So let’s say you’ve got your broken leg, you’ve got all your ducks in a row. We make a demand. I think the case is worth $100000. They offer you $15000. Ok, well, you got your fairly quick result. What are you going to do about it if you want to? Maybe you have your own car insurance that you can pursue, or maybe there’s another person responsible. Maybe there’s a homeowner, or maybe the City of Philadelphia is responsible. What are you going to do? Well, now you’ve gotten some quick money and now you want to go after someone who maybe has more insurance to make up the difference between 15000 and 100000. Ok, well, how does that play out? Are you going to get quick money from that? Again, the answer is no. And first of all, and sort of more importantly, you probably don’t want to take that 15000 first because you want that person to be involved in the lawsuit for the larger insurance policy. So you probably should not take that 15000 from the first car accident or from the first car. So there’s a lot going on, like strategically like you don’t want to be letting someone out who’s responsible if there’s more insurance somewhere else. So what does that do? Well, that slows things down.

And one thing as a lawyer is I know that the insurance company wants to give you a quick payout, sometimes just to get the thing behind them because, you know, they know that a lot of people are kind of living paycheck to paycheck most days. So, you know, there are people out there who will take $10000 settlements on a $100000 claim just because they want, they want the $7000 they’ll end up with. So that’s what the insurance company is banking on now. You know, people need the money, they need the money don’t really care that there’s $100000 down the road. There’s nothing they can do about it. They need the money now. But, you know, then there are people who have a little bit more ability to wait. And that’s kind of the critical thing here is do you have the ability to wait? Because if you have the ability to wait and you can wait a year or so or a year and a half, you’re going to get paid something pretty close to full value. But it’s that ability to wait that is hard first for people to understand and second for people to go through. And I’ll tell you that by the end of a personal injury case, most personal injury clients of mine are tired of the process. They’re tired of dealing with lawyers. They’re tired of having questions as they’re tired of trying to track their, you know, physical therapy appointments and all the doctors they’ve seen to get better and all the work they’ve done, you know, they’re tired.

People want the case to be over, but it’s the ability to wait for the case, to be over, to get the full value. That is the critical thing. And so then you know, the question for you and for you know me is the lawyer is the following are you the sort of person with the sort of injury that can afford to wait or has the ability to wait? You don’t want to wait on a little injury case on a tiny little injury like you want that case resolved faster than slower. But if you do have the proverbial broken leg from a car accident, that person can wait. Whether they, you know financially can wait is a different question. But that person should wait because they’re going to get full value for their case. It’s just going to take some time. But, you know, 60 or $70000 a year from now to me is better than $7000 tomorrow. So, you know, that’s why I’m always looking for serious injury cases with people who are willing or who understand that they have a serious case and they need to wait. Those are the best clients for me, and I think those are the people that the system and I do the best job for. It’s hard to do a great job for someone who’s got a sprained, you know, shoulder because they have to wait 60, 90, 180 days and their injury’s better.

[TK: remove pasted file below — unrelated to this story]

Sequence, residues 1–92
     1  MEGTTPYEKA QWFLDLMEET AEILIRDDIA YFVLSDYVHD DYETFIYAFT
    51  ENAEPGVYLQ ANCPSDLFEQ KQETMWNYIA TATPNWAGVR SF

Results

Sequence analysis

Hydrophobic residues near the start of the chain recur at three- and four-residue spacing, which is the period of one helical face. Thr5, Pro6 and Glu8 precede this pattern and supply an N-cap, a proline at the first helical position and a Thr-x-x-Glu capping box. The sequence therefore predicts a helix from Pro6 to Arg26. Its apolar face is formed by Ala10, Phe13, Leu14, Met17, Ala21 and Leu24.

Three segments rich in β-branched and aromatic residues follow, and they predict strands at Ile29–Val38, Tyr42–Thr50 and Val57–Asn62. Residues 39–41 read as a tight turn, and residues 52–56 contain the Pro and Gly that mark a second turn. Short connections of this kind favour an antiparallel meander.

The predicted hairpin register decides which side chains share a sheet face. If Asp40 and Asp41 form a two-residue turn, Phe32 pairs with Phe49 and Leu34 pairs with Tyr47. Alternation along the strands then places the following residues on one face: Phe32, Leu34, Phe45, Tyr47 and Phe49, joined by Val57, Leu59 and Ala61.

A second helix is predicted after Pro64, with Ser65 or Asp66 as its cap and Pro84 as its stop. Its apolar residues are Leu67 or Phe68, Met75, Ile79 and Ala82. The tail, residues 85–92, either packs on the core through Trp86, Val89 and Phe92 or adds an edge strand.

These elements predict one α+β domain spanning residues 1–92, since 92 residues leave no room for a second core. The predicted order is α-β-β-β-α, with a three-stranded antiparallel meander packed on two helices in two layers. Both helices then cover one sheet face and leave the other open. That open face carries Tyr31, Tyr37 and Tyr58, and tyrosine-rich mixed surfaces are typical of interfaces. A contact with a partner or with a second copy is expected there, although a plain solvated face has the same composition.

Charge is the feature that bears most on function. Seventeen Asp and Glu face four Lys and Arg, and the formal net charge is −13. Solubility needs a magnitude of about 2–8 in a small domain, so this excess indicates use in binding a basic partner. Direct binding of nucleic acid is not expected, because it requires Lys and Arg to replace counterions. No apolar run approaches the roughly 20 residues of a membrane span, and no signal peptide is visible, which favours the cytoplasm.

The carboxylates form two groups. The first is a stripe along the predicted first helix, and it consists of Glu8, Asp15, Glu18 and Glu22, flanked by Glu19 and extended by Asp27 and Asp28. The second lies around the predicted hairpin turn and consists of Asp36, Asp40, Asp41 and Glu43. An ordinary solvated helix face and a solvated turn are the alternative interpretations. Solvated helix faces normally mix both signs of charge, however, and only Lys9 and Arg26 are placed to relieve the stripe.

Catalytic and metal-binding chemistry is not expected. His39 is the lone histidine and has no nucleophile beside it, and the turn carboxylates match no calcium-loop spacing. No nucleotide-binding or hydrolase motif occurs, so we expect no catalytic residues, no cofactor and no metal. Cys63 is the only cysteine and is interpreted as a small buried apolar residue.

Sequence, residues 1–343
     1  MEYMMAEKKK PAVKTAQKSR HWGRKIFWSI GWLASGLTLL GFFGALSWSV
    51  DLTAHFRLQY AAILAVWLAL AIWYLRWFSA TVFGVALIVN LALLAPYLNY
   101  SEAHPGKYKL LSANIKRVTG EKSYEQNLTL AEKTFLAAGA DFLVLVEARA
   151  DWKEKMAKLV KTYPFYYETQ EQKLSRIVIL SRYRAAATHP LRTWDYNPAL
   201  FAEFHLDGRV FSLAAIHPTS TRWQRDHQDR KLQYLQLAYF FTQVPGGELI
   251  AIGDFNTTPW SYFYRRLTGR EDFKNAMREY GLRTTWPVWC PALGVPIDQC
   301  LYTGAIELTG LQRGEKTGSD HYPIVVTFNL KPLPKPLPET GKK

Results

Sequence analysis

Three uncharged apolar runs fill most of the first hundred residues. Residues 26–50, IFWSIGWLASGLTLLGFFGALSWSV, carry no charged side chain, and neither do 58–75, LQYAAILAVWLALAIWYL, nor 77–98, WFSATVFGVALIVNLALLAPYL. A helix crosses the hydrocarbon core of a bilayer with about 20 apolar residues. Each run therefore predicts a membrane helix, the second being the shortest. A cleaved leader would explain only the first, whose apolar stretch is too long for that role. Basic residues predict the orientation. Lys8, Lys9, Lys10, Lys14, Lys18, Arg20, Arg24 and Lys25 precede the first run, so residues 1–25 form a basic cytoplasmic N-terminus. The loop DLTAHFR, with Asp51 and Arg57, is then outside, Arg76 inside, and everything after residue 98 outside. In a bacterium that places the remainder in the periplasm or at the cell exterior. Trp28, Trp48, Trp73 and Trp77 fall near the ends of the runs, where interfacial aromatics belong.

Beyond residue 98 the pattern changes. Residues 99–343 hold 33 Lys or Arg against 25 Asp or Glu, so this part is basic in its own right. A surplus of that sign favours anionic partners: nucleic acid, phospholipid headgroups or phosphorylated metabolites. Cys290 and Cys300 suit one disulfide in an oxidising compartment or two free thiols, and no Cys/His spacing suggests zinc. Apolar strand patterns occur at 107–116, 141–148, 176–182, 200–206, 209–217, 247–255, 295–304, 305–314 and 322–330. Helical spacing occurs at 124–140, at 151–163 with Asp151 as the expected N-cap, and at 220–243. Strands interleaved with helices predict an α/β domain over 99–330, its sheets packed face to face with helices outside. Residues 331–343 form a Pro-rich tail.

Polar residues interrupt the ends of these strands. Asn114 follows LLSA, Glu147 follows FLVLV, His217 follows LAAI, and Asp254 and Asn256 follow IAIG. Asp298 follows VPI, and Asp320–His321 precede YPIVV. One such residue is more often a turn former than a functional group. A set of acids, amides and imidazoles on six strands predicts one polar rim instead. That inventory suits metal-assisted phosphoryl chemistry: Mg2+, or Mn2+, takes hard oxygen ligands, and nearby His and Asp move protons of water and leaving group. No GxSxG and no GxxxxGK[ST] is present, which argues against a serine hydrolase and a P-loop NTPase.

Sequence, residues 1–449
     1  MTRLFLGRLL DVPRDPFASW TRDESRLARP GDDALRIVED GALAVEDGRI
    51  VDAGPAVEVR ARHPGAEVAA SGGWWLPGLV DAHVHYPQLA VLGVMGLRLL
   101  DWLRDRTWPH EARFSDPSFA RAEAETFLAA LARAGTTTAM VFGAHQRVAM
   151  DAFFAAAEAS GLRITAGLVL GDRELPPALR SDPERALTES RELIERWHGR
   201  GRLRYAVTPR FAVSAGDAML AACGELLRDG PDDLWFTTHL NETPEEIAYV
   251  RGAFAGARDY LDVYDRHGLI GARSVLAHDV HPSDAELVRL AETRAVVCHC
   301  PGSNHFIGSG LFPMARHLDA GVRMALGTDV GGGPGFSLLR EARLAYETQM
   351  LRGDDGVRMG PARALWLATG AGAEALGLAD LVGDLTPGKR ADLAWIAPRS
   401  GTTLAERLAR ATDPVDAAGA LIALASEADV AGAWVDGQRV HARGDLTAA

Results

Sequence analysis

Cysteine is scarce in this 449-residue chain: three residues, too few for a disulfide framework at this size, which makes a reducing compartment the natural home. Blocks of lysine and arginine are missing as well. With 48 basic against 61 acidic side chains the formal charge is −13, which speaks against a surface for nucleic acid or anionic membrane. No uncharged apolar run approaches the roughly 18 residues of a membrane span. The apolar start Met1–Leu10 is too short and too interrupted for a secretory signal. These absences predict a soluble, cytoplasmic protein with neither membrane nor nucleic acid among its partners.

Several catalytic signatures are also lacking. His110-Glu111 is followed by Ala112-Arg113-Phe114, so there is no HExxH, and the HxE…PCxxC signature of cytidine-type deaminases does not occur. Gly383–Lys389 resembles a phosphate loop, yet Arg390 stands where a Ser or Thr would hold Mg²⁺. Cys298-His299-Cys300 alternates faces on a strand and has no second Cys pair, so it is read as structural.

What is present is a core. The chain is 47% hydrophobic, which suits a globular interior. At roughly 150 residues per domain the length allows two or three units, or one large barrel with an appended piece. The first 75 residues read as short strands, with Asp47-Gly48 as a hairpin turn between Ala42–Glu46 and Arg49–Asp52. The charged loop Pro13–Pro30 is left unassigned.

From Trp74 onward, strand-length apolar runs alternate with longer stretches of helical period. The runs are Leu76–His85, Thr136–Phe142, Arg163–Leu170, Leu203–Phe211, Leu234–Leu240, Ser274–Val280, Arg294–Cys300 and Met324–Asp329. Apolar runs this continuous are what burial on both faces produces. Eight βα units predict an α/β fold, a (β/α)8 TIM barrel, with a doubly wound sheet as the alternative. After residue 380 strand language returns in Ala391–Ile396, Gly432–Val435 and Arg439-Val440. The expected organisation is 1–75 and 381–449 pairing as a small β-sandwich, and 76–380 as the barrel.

And, you know, they felt like they should have gotten $10000, but you can only give them $3000. That person is not going to be as happy with me or the process. So look, those are some of the considerations that go into, you know, whether you’re going to be a great personal injury client, whether you’re going to have a great result, whether you’re going to be happy about the process and why things take time to develop and understand. So it all comes back to two things one can you wait? And two, the insurance company drives this process a lot of times, and they want to delay, delay, delay and in between my side of the fence with you saying, can we wait? And the insurance company is saying, I’m in no rush, there’s the court system saying, let’s move this thing along. So that’s part of the strategy and the analysis that, you know, I go through and my clients have to go through as well. That’s enough for today. This is ask Randy. This is not legal advice. This is a daily recitation of things I think about in my daily practice. This is sponsored by my law firm Neuwirth Law Office, King of Prussia, Pennsylvania, in the suburbs of Philadelphia. You can reach us on Facebook through Facebook Messenger or by phone two one five two five nine three six eight seven. Thanks. Have a great day.